“Ah! Sunflower”, from Songs of Innocence and of Experience, was released on their First Album in 1965. This was a poem that had previously inspired Ginsberg to write “Sunflower Sutra”, a Blakean-Buddhist piece that ranks as one of Ginsberg’s best poems and clearly had an influence on the Fugs track. My favourite, however, remains “How Sweet I Roamed from Field to Field” from the same year. With more than a hint of country music, Blake’s strange and sardonic pastoral hymn is transferred to the plains and prairies of the west:

How sweet I roam’d from field to field,
And tasted all the summer’s pride
‘Til the prince of love beheld
Who in the sunny beams did glide!…

He loves to sit and hear me sing,
Then, laughing, sports and plays with me;
Then stretches out my golden wing,
And mocks my loss of liberty.

One of the pleasures of listening to such songs was The Fugs’s own ironic awareness of what the libertarianism invoked so frequently by hippies and yippies actually involved, that the prince of love as much desired to mock and sport with his children of the sixties counterculture.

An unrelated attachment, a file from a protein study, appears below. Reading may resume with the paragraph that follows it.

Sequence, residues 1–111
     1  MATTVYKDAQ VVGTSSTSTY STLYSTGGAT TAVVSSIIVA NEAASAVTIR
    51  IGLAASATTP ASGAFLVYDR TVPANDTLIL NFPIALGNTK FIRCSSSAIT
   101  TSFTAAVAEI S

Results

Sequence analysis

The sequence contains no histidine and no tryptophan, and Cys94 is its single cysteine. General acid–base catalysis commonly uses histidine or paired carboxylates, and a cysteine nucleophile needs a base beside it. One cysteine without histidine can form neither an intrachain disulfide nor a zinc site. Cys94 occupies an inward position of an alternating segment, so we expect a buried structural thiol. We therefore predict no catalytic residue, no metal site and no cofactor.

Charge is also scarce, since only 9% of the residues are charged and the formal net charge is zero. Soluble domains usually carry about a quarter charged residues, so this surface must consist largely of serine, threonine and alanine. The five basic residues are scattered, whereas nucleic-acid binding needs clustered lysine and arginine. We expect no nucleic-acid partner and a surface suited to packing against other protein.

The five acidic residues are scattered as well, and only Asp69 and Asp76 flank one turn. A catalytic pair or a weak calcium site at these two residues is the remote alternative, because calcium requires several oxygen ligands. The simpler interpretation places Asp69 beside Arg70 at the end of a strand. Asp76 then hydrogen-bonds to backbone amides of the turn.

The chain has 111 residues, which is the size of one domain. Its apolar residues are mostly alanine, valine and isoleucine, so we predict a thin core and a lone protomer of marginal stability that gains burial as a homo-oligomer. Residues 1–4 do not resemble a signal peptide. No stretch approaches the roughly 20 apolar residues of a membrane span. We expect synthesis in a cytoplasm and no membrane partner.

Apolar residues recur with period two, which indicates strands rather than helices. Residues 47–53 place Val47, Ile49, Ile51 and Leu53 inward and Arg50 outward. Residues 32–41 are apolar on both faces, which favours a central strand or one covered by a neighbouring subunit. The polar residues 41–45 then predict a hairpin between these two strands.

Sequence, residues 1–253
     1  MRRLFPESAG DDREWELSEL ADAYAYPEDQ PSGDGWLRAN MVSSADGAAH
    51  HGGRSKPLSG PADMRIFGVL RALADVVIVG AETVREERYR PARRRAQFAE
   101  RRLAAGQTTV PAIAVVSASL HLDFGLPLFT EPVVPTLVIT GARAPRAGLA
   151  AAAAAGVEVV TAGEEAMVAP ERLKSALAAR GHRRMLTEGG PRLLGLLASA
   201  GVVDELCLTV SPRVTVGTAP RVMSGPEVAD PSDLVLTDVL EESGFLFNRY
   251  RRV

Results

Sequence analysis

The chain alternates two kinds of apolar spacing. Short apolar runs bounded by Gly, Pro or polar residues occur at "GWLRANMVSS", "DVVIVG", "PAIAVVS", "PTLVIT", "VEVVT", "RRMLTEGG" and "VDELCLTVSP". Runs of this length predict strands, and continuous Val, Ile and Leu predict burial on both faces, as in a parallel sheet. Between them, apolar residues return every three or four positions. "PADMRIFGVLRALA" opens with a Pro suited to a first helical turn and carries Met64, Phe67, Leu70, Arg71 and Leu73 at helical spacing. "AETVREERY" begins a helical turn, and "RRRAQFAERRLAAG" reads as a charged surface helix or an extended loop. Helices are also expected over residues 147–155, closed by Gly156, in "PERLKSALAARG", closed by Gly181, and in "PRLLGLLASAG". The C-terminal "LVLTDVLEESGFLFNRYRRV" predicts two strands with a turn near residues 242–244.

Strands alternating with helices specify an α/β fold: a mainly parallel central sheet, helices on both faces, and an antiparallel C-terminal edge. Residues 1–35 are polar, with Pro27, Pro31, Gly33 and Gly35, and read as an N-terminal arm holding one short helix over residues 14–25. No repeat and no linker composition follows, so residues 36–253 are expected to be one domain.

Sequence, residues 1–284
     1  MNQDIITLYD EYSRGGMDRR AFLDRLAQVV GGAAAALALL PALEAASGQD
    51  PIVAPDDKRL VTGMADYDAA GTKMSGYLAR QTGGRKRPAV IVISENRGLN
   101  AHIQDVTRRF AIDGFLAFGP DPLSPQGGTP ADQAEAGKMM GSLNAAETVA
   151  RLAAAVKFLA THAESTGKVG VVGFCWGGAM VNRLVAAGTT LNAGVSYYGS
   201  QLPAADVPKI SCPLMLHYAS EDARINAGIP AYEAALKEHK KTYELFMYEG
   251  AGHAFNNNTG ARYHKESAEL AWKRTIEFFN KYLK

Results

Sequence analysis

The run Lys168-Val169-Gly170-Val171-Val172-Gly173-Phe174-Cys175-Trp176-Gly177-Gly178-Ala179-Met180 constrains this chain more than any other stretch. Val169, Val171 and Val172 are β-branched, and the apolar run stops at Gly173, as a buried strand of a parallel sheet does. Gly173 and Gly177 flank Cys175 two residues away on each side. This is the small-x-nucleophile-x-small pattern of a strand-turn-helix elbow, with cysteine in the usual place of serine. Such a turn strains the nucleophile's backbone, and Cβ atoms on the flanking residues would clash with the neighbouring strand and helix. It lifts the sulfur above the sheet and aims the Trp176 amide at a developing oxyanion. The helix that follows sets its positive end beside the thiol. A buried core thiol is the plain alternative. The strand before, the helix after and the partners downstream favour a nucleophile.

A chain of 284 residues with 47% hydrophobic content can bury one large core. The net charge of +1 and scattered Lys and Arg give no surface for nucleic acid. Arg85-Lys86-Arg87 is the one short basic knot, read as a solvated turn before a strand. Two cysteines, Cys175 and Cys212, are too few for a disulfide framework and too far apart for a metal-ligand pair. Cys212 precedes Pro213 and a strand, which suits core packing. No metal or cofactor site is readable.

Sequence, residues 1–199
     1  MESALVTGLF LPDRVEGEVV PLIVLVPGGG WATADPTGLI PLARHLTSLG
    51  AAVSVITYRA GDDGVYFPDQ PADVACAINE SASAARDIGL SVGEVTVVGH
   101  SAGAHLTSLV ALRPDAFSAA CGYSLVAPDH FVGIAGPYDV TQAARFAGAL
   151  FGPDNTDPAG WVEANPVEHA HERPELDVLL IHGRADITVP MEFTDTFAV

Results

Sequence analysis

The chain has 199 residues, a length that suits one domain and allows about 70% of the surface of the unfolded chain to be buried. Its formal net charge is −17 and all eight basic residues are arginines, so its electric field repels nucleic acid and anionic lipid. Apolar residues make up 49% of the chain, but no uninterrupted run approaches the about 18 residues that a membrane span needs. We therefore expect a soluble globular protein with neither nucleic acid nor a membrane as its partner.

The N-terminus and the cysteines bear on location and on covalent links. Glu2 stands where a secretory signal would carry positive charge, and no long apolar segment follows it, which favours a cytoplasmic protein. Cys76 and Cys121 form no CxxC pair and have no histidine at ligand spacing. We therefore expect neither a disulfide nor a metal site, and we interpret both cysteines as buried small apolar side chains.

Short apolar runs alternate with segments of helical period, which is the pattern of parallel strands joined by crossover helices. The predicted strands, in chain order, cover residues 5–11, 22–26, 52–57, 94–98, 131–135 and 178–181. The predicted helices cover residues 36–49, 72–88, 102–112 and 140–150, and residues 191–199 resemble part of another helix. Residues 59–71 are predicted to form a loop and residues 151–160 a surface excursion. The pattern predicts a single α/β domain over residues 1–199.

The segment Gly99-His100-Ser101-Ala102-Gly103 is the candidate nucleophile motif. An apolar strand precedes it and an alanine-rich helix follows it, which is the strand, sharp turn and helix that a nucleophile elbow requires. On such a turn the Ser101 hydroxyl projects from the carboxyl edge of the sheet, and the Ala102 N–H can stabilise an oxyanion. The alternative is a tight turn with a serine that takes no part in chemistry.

In an interview with Jason Gross in 1997, Kupferberg remarked on the fact that before he joined The Fugs at the age of 42, his life was “trivial”, a blur after dropping out of sociology grad school in Brooklyn. His life, influenced by politics and the Beats, was anything but trivial after 1964, and the love of poetry that brought him and Ed Sanders together continued throughout the long decades after:

Speech is music… Some languages are very musical. When you hear certain people read, it’s almost music. Some people who do music, it’s almost speech. It’s a continuance.

Burning Bright: two events in July